Statistical analysis: In order to evaluate the relationship between MUN and fertility in dairy cows, survival analysis with the Cox proportional hazard model of SAS Institute Inc. (1994) was used. In this model, outcome variable was days from calving to conception or to the end of the study or to the last test day from which data were available for a cow. A cow could have been censored if she had been bred but had not conceived or had suffered embryonic loss prior to confirmation of the pregnancy.

Parity, mean milk yield and mean milk fat percent were included in the model as fixed effects. Herd effect as a constant effect was also included in all models to reflect management and food program differences. Survival analysis allows the inclusion of data from cows that did not experience the event of interest during the study period (did not conceive or had not been reported pregnant) and thus the loss of information due to incomplete records can be minimized.

The Cox model is semi parametric; the effects of the covariates on the event times (in this study, time to conception or to the end of the study) are of parametric form but the underlying survivor function (distribution of event times) need not to be specified.

The proportional hazards model describes a hazard of some events (in this study, conception) for an individual i at any time t and it can be written as a product of two factors: a baseline hazard function λ0(t) that is left unspecified (except that it cannot be negative) and a linear function of a set of k fixed covariates (x1-xk), which is then exponentiated (Allison, 1995):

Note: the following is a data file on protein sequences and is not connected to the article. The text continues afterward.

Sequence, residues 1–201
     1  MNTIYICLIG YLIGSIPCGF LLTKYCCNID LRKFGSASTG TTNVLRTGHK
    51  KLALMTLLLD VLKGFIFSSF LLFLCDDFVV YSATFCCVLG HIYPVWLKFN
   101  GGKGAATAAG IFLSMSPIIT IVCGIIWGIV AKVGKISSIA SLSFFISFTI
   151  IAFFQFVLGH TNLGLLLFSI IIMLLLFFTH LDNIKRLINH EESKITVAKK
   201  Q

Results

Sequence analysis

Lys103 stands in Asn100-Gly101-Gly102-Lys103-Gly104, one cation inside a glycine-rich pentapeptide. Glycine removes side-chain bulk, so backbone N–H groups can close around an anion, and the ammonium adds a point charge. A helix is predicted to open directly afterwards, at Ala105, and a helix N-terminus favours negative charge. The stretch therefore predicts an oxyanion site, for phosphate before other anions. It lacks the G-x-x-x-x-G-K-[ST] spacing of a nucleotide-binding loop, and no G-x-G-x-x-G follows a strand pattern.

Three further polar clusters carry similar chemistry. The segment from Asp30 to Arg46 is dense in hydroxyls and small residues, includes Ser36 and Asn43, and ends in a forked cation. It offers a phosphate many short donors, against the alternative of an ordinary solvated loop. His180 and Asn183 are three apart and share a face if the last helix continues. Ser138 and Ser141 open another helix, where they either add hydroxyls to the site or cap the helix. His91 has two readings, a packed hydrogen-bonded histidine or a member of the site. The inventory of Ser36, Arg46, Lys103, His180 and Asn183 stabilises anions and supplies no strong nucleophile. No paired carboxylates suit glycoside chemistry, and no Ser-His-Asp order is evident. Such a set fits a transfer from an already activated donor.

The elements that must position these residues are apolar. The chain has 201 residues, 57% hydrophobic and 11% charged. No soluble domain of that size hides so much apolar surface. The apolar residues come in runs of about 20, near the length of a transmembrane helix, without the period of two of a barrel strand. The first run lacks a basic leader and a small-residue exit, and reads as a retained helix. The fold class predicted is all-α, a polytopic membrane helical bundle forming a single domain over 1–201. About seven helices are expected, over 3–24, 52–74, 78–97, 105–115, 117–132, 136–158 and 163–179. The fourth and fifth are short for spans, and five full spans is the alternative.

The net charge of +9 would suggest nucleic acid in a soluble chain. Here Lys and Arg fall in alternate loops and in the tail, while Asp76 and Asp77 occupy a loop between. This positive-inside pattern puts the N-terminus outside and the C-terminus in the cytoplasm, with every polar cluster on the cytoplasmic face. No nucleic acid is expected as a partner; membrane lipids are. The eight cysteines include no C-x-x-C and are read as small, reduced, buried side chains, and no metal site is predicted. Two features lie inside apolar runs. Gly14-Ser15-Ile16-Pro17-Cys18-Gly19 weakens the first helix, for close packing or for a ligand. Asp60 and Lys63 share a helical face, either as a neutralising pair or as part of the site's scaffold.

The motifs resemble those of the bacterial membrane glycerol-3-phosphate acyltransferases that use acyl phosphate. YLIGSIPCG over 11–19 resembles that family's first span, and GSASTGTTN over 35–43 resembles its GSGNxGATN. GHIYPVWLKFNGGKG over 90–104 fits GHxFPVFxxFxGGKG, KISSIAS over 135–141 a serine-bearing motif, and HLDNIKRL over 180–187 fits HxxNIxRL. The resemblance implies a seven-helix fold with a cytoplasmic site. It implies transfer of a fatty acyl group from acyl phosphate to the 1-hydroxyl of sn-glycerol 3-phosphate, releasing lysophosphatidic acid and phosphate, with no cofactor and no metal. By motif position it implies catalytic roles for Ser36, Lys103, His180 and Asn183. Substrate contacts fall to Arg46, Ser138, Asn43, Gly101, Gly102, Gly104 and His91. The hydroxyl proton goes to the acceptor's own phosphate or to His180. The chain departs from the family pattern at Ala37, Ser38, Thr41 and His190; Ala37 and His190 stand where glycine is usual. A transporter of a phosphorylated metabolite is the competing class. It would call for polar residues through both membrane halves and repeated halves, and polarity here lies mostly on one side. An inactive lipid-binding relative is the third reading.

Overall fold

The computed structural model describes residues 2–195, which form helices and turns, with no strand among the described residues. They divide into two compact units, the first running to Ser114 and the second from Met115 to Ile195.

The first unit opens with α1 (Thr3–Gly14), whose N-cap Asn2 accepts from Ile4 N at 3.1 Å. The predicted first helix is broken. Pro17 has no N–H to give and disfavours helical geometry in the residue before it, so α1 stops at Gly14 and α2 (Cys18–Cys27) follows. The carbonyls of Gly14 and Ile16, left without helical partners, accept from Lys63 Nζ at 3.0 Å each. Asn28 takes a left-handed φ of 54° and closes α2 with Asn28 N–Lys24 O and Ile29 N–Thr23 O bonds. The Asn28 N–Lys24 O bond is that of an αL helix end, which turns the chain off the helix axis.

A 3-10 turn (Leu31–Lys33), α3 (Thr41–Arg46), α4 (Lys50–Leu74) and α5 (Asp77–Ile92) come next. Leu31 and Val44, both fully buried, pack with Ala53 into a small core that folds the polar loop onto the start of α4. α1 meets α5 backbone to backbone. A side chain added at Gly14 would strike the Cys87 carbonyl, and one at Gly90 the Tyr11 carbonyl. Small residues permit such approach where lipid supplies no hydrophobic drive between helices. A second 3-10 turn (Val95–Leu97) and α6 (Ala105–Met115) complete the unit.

Hi (t) = Hazard of conception for an individual (i) at any time (t)
λ0 (t) = Baseline hazard function
β1xi1 + ... + βkxik = Linear function of a set of k fixed covariates

The earlier survival analysis model analyzed 4100 calvings from over 5207 and censored 1107 ones either due to pregnancy loss or due to the lack of enough information on pregnancy status.


Main characteristics of the herds surveyed in this study are shown in Table 1. Mean MUN value in the first 3 months postpartum was 17.7 mg dL-1. Hazard ratio for different groups of covariates relative to their level 1 with 95% confidence intervals is shown in Table 2.

Table 1: Main characteristics of herds surveyed
1 Some cows were recorded until parity 3 and 4

Table 2: Hazard Ratio1 (HR) and 95% confidence interval2 of the effect of covariates on days open in 4100 parturitions
1HR>1: Positive effect, HR = 1: no effect and HR<1: negative effect. 2Number 1 in the 95% confidence intervals shows the absence of significant relationship *+Significant positive effect. *- Significant negative effect

Effect of herd entered the model but hazard ratio for it is not shown in the Table 2.

Generally, lactation number had no effect on days open whereas it was affected significantly by mean milk yield, milk fat percent and MUN content. Positive effects of the mean milk yield on fertility were obtained (p<0.01) for means between 20 and 29.99 kg day-1 and negative effects were found (p<0.01) for means ≥40 kg day-1. In the case of milk fat, only group 2 among 6 groups had significant positive effect on fertility as a whole relative to the group 1. Relative to the level 1, 2 and 3 of MUN had significant positive effect and its level 5 had significant negative effect on fertility.